Writing high-quality git commit messages is one of the most responsible things you can do as a developer who cares to write considerate code that is well thought-out and easy to maintain. There’s a great template for git commit messages that’s floating around in a number of places. It’s referred to the “Contributing to a Project” chapter of the Git Book and originally credited to Tim Pope. In short, a good template of a commit message is a short, one-liner summary of the code change, followed by the ‘body’ of the commit. The body of the commit may contain whichever links, bullet point or other emphasis required to communicate to the commit message reader the full context of the change.

While this is a good day-to-day commit message template to follow, there are some situations which might require additional contextual prompts to result in all the necessary information being communicated. Examples of such scenarios include:

  1. A commit resolving a bug ticket, where consistently communicating the ticket number, the URL of the ticket, and the requester.
  2. A commit layout out a particular architectural decision in a clear format, such as the model layed out in Sustainable Architectural Design Decisions.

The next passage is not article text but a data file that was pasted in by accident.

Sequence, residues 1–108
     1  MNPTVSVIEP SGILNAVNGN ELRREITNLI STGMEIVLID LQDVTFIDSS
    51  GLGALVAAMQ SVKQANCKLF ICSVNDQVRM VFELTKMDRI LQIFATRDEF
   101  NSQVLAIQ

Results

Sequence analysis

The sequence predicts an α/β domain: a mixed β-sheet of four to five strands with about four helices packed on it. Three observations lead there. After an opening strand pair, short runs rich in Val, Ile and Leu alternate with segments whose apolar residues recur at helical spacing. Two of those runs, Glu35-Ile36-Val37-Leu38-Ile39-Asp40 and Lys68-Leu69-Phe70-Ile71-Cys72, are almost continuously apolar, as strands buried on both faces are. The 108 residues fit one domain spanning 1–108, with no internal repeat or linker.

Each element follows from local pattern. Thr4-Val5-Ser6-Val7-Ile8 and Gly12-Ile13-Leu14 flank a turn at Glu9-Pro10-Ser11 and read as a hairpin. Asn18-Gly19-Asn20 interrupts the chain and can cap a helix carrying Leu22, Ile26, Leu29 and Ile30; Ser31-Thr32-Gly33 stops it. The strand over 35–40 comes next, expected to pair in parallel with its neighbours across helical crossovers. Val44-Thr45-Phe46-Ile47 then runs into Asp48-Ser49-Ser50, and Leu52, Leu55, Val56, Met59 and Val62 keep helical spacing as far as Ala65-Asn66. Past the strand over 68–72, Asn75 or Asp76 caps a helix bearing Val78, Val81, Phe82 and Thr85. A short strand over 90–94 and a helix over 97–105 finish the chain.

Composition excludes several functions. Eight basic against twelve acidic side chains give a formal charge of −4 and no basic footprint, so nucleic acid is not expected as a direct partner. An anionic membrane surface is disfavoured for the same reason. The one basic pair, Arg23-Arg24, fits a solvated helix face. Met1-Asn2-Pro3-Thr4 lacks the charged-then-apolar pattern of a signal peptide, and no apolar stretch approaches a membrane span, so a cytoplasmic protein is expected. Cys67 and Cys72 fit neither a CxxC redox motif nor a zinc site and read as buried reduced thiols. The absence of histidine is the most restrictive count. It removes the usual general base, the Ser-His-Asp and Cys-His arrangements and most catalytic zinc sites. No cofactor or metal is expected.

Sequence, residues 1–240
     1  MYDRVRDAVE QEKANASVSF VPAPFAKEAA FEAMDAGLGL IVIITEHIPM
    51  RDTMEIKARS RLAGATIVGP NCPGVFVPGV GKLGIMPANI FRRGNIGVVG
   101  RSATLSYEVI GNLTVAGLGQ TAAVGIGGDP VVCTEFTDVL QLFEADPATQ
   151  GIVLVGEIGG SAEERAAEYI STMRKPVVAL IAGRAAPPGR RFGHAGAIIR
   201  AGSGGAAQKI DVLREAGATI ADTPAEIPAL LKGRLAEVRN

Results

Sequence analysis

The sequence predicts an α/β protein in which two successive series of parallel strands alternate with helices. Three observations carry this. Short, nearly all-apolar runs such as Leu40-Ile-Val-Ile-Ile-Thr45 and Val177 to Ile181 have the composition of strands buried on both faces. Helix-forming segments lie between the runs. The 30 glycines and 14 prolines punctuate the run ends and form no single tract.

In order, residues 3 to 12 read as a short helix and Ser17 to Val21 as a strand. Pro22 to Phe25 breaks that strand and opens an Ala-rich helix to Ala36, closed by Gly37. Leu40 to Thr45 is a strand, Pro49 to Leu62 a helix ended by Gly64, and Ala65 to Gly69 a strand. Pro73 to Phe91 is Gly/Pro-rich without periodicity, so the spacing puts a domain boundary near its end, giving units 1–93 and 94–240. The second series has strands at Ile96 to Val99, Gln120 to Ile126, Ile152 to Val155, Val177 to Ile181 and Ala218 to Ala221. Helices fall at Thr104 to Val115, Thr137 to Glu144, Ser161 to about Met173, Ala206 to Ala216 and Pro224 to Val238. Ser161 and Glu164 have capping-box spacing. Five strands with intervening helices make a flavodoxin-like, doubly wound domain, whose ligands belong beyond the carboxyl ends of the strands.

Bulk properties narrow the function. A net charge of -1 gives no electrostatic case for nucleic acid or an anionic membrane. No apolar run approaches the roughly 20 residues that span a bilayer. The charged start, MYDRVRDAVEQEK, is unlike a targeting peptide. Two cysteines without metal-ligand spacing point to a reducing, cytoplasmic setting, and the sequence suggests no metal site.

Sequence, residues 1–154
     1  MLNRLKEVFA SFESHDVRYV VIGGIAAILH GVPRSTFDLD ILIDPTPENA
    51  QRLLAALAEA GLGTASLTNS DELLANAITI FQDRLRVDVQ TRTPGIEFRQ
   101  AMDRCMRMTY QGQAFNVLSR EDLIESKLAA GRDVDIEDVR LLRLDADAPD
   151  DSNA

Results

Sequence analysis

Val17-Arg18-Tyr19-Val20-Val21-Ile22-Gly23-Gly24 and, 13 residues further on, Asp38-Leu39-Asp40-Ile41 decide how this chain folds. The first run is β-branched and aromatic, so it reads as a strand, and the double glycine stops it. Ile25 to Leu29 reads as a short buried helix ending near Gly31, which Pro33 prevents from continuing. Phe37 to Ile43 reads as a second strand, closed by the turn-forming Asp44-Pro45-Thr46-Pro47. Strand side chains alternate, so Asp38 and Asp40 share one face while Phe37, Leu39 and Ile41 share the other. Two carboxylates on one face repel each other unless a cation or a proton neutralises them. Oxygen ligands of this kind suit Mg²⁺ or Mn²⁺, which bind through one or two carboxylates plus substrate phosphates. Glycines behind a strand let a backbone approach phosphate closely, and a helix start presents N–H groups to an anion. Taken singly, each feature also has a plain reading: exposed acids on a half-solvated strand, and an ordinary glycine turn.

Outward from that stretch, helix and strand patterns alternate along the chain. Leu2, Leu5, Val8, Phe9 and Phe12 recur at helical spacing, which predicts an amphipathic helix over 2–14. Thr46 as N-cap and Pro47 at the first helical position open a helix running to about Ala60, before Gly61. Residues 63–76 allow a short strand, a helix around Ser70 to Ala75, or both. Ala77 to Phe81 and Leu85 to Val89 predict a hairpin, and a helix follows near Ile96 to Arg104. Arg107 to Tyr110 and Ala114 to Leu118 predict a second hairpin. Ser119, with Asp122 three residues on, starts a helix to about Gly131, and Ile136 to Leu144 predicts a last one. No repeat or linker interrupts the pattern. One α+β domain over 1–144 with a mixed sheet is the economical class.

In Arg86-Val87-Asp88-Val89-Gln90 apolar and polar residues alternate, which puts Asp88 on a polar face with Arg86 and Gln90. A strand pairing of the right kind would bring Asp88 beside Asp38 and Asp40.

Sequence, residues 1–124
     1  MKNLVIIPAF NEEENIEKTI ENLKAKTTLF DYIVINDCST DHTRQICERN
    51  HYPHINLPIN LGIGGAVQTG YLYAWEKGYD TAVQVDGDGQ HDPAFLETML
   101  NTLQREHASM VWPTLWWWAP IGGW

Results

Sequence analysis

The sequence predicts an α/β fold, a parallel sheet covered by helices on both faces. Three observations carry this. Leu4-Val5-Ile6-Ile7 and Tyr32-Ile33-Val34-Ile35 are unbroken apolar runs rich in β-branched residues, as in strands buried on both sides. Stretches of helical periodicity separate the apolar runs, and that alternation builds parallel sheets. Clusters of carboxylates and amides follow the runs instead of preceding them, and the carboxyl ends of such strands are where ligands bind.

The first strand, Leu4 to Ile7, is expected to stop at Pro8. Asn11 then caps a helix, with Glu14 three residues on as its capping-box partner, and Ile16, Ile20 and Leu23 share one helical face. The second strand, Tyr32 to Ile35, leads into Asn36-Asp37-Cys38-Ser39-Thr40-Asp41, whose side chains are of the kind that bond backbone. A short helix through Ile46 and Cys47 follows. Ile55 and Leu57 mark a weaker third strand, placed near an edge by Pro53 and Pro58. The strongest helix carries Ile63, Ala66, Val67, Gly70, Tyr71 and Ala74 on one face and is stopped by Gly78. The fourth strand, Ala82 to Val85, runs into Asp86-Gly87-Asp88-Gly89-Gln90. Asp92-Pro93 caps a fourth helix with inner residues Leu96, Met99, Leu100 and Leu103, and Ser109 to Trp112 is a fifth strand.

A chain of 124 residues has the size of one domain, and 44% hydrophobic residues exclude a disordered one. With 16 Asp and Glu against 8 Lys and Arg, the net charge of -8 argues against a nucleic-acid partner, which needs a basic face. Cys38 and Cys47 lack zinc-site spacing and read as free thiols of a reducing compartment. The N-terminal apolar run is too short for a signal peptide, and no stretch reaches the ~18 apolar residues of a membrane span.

3. A commit implementing an agile story, where the developer may want to lay out the role and motivation of the feature.

While it’s entirely posible to write these git commits ad-hoc as required, an additional option I discovered today was the ability to customize which template file is loaded when committing. As laid out on the git-commit man page, this option is:

-t <file>
  When editing the commit message, start the editor with the
  contents in the given file.The commit.template configuration
  variable is often used to give this option implicitly to the
  command. This mechanism can be used by projects that want to
  guide participants with some hints on what to write in the
  message in what order. If the user exits the editor without
  editing the message, the commit is aborted. This has no effect
  when a message is given by other means,
  e.g. with the -m or -F options.

The trick is to combine this option with the ability to set up Git aliases to make it easy to start commits using a particular template, for example:

git config --global alias.bugfix-commit 'commit --template=~/dotfiles/git/templates/bugfix-commit.txt'

Given a template that exists in that location, your $EDITOR will open with the contents of the template prefilled. Any lines beginning with a pound # can be used to provide instructions to the committer, and will be ignored from the final commit message.

As a final example, this is how I have set up a template for committing at key decision points:

My template in ~/.dotfiles/git/templates/commit-decision.txt:

# Write a useful commit message here:

# Now provide more information about why you've made this
# decision:
In the context of [USE CASE],
facing [CONCERN]
we decided for [OPTION]
to achieve [QUALITY],
accepting [DOWNSIDES].

My git alias:

git config --global alias.commit-decision 'commit --template=~/.dotfiles/git/templates/commit-decision.txt'


Gif example